“Nothing is more difficult to take in hand,
More perilous to conduct,
Or more uncertain of success,
Than to take the lead in the
Introduction of a new order of things.”—Machiavelli
THE winds of change are life-generating opportunities but the waves of development invariably require more effort and time. Every change entails a paradox. As a law of life, out of order comes the need for change, but out of change comes the need for order.
The immediate past four years featured unprecedented events in the world: the Covid pandemic, the various disasters ranging from unusual flooding, wild fires, from pockets of uprising in some jurisdictions to the prolonged Ukraine adventurism. The disruptions caused by these events drove a lot of changes that include technology’s impact on business and day-to-day life. During the lock-down, a number of schemes were put into place to continue operations like working from home and conducting meetings virtually. Post-pandemic, there seems to be the preference to continue adopting in a modified form those technology enabled ways of doing things. Some businesses consider the work from home inefficient while some have adopted a hybrid of in office and from home scheme. Evidently, the ways of doing things have changed a lot.
Because of these developments, business organizations have stepped back to assess the situation and plan for the way forward. The process of looking at the big picture to poise the business for significant growth/development is not a walk in the park.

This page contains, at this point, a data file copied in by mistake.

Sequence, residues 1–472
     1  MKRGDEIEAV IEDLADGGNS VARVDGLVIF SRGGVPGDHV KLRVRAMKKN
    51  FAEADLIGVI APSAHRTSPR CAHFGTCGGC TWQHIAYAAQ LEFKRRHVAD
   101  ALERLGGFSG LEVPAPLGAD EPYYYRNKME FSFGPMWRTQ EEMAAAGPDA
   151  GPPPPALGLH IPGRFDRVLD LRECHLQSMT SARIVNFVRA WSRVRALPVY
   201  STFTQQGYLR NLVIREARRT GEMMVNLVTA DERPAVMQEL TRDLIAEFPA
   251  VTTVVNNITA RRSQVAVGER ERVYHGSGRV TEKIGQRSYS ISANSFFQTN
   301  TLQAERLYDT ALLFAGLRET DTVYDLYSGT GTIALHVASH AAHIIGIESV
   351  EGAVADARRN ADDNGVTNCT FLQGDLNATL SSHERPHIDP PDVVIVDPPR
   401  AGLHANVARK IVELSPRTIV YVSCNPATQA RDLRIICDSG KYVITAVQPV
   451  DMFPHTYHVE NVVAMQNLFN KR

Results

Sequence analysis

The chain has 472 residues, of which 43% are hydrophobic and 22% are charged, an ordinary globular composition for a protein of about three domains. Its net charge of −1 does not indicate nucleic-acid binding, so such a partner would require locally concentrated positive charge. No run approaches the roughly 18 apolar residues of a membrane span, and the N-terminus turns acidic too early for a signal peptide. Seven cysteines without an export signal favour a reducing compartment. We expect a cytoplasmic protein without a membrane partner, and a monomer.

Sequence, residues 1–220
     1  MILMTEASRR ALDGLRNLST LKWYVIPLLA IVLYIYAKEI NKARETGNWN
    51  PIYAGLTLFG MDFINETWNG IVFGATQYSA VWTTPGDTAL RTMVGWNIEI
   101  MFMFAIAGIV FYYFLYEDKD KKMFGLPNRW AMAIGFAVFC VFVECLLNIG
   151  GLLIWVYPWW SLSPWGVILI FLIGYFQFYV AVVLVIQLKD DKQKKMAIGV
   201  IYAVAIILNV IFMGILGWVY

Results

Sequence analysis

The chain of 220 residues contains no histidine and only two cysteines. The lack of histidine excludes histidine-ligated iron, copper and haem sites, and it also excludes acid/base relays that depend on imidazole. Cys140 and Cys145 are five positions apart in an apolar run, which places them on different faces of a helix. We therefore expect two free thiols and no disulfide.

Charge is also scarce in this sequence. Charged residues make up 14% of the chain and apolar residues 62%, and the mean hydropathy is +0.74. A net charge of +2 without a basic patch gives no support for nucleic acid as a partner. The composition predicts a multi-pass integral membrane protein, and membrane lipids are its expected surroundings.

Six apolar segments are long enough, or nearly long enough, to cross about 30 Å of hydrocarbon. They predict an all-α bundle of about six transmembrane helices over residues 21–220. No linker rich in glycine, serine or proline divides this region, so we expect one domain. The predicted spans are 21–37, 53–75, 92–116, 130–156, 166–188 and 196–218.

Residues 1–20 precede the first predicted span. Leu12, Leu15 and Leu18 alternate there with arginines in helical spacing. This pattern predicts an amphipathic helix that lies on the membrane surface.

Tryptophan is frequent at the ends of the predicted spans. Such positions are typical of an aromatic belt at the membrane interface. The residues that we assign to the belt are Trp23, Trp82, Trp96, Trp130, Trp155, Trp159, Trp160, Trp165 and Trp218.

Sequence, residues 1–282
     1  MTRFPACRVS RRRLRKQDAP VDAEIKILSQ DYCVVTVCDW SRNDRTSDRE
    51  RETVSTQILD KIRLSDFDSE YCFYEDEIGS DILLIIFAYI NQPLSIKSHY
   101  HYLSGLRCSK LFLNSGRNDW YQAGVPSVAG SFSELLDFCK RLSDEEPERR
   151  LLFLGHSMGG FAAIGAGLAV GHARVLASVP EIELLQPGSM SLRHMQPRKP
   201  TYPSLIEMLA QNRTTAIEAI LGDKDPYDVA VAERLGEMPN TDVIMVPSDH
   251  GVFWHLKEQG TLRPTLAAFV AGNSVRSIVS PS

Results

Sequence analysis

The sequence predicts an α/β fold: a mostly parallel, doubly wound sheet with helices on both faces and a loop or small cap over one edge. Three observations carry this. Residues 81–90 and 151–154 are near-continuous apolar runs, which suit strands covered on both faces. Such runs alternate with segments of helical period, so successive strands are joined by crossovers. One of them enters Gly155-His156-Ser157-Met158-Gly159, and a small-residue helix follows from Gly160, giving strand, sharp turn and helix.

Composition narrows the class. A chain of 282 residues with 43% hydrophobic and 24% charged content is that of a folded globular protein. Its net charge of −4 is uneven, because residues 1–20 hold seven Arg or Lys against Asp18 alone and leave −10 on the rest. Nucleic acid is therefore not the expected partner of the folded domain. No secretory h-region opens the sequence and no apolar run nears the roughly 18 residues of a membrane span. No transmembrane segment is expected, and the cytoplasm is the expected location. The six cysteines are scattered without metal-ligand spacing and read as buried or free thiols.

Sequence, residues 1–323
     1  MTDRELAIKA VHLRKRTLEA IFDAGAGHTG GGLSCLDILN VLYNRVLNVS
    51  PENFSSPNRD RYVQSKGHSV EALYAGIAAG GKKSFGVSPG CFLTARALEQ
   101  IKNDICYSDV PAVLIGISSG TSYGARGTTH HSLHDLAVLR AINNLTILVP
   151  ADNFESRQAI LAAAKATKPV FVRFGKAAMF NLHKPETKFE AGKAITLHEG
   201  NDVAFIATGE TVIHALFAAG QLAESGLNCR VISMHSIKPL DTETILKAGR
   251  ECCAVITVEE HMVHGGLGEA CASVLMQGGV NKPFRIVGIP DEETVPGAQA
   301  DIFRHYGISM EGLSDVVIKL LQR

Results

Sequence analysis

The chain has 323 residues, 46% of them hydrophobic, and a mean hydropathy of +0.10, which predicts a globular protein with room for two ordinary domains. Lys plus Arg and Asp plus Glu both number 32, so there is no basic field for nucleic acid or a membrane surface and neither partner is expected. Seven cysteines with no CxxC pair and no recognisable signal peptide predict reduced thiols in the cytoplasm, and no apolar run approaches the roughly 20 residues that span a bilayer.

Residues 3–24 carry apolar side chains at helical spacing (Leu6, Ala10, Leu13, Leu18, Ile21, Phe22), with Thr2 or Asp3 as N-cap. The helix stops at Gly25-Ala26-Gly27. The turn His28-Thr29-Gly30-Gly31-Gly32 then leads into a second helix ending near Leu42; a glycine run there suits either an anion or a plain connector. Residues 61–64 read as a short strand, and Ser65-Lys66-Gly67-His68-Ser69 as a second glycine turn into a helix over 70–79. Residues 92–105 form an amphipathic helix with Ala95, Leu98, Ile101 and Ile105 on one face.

In any change management undertaking, the “best intentions” should be the norm right at the “thought” level. A professional practitioner of organizational development shared with me two fundamentals on the subject. First is the principle of the primacy of the thought “of best intentions” as a point to begin the process of becoming. Second is the principle of time as a continuum of the thought process rather than as a point in time independent from the thought.
Guiding principles, practices and benchmarks have to be determined and put into subsequent applications or actions. Objectivity, accountability, transparency and expediency should take precedence. The designated key personalities who will lead managing the winds and riding the waves of change will encounter lots of challenges.
Expectations derived from evaluating the past and the present paving the way forward have to be met within a reasonable timeline. The journey of effecting change is a shared experience among the leadership and the members of the organization as well as the stakeholders.
Indeed, change management is not an easy undertaking.
Conchita L. Manabat is the President of the Development Center for Finance, a joint undertaking of the FINEX Research & Development Foundation, Inc. and the Virata School of Business of the University of the Philippines.